The Quarterfinals of yesterday’s World Cup matches were, to say the least, truly shocking. With two major upsets and three 3-0 finishes, it wasn’t the competition many people were expected. Today the fun continues with the Semifinals, Bronze Medal Match, and Gold Medal Match. We have you covered with continuing predictions that are hopefully more accurate than literally everyone’s predictions yesterday.
It’s the most wonderful time of the year.
Blizzcon is upon us once again, and on November 2-3, the eight teams who have passed regional Qualifiers will fight it out for the Overwatch World Cup title. The question on everyone’s mind: can reigning champions South Korea continue their winning streak? Or will they be dethroned by a scrappy competitor? Before we hold our breath for finals, we go to quarterfinal matches. All quarterfinal matches are a best-of-five and will be held on Friday, November 2.
Not sure which teams to pick for your bracket or what to argue with your friends about? I’ve got you covered. Each match below includes a numerical prediction, justification and background, as well as a “Spiciness Rating” of one to five stars. One star means it’s better to catch the VOD later; five stars means you’d better sit down and watch this match, because it’s all anyone will be talking about. May the odds be ever in your team’s favor.
Home is where the heart is. But what does it take to stray from your homeland and put your faith elsewhere? With Blizzcon approaching, I interviewed fans from across the globe who have broken with the idea that home means instant support: fans who are primarily supporting teams other than their home country in the Overwatch World Cup. I wanted to find out why. Treason, after all, is a crime punishable by jail time.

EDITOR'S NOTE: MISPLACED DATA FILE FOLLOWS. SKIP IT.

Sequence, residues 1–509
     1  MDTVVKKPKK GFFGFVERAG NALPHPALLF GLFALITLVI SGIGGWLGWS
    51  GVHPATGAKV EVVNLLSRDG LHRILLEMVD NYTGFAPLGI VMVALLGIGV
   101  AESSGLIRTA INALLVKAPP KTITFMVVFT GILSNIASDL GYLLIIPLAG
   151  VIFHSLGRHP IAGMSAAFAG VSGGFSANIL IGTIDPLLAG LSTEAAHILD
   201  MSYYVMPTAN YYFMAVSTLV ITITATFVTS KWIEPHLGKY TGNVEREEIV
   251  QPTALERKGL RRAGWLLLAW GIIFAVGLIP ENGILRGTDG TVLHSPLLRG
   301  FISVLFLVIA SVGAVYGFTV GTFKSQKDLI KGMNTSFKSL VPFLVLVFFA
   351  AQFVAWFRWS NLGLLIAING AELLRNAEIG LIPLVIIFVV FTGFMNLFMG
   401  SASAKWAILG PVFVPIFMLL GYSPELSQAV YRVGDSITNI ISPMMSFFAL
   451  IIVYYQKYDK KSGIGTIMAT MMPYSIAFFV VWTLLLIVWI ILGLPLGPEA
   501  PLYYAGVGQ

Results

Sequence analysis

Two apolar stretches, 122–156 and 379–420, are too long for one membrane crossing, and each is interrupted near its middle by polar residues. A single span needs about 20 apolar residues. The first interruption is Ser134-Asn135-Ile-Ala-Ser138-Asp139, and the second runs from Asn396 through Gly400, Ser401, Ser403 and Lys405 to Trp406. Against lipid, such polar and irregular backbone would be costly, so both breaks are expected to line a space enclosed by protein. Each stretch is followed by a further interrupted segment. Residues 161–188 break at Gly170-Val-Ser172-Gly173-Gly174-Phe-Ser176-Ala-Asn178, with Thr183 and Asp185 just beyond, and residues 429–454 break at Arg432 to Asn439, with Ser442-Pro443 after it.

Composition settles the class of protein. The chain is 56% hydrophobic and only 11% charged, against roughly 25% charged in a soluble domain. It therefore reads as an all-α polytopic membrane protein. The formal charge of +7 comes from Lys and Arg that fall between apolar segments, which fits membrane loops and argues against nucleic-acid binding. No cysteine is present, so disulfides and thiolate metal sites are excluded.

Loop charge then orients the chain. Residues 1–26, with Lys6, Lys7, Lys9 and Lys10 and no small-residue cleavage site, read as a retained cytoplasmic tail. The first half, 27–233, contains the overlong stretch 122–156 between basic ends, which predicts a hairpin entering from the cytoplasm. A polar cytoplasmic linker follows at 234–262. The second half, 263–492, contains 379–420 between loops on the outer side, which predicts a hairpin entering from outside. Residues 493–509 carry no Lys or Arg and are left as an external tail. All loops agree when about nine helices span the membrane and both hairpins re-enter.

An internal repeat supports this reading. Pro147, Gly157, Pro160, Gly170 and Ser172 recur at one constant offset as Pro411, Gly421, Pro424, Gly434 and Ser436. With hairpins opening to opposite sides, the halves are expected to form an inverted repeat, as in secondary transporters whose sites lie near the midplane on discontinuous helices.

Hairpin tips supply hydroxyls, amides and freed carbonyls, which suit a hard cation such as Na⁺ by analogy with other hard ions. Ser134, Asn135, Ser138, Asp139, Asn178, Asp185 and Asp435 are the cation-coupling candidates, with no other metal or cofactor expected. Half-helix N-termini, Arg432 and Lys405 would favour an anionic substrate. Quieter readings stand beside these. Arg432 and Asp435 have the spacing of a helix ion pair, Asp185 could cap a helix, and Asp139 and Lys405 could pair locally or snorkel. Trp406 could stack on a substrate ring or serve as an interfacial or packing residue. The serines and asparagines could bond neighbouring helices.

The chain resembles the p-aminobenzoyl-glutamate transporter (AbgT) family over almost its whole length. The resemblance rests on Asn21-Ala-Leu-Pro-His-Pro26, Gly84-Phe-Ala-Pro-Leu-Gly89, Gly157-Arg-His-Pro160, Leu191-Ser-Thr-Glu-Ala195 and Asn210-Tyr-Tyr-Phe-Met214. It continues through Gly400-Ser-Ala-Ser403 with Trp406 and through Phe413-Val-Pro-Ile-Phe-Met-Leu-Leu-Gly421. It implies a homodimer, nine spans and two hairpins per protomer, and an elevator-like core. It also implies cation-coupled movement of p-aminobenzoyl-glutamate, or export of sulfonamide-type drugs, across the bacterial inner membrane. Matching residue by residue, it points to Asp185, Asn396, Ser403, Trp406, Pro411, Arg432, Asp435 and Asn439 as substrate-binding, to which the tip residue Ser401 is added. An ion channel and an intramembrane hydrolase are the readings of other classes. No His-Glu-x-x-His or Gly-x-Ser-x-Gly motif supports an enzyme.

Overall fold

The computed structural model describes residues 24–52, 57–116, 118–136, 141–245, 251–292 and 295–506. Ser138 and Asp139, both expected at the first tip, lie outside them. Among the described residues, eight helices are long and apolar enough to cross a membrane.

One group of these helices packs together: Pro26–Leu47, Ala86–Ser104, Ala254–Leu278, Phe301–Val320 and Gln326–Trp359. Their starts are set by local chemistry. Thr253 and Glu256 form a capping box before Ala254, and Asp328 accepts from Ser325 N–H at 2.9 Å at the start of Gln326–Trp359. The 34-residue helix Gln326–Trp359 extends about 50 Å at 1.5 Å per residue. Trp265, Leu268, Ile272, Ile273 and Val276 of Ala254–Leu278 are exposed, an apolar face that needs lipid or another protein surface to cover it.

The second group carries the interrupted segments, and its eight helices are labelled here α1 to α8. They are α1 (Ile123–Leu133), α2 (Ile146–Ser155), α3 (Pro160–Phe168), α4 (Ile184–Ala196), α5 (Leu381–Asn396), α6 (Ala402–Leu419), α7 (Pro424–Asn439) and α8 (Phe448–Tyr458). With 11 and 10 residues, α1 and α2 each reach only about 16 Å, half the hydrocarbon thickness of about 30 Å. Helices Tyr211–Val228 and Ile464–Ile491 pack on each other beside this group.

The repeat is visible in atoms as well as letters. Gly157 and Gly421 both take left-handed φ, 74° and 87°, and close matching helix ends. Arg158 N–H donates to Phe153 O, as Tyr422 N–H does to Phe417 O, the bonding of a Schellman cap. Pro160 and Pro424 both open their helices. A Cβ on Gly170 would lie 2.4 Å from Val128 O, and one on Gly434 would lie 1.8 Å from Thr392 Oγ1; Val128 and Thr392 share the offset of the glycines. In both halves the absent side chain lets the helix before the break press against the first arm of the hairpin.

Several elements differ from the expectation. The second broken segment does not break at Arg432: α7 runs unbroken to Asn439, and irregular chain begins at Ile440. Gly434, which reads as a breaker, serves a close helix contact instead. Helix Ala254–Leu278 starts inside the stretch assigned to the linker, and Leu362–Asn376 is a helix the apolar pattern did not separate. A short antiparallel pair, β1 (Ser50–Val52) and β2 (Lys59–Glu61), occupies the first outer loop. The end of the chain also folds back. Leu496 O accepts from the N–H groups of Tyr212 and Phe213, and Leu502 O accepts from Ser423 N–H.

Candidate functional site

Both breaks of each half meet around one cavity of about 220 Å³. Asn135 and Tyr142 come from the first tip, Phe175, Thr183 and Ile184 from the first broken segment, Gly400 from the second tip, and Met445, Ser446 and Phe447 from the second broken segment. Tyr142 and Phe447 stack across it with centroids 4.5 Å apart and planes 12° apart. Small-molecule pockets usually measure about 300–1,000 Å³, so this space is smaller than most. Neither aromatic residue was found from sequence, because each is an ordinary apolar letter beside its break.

(Note: To experience the full effect of this piece, your author humbly suggests that it be soundtracked with the Roots’ edition of ‘My Shot’ from the Hamilton Mixtape, available on YouTube and Spotify.)
I will acknowledge that, on a surface level, it’s patently ridiculous to call them ‘underdogs’.
After all, Team USA’s 2018 starting roster for the Overwatch World Cup is the stuff of an opposing backline’s worst nightmares. They’ve got both proven performers and insane upcoming talent, with a wealth of high-pressure LAN experience from OWL’s grueling first season. With battle-tested supports, dominant DPS, and a tank line for which ‘godlike’ feels like damning with faint praise, calling them underdogs should be laughable.
For the fifth article in our Believe The Hype series detailing teams going to Blizzcon, we’ve called in reinforcements. Broadcast.gg’s Ieuan “vowels” Hall, one of the English casters for Contenders China, is arguably Team China’s number one fan. In his guest column this week, he tells us why China should be feared – and why they’re number one.
On the 1st of July this year, I was approached by MooshuBeef, head of Broadcast.gg, about working on the English broadcast of Contenders China Season 2. I knew nothing about the region, beyond the plight of the Shanghai Dragons and the fables of Miraculous Youngster, but thought it would be a great opportunity to develop personally as a caster, and to help bring more attention and respect to the region.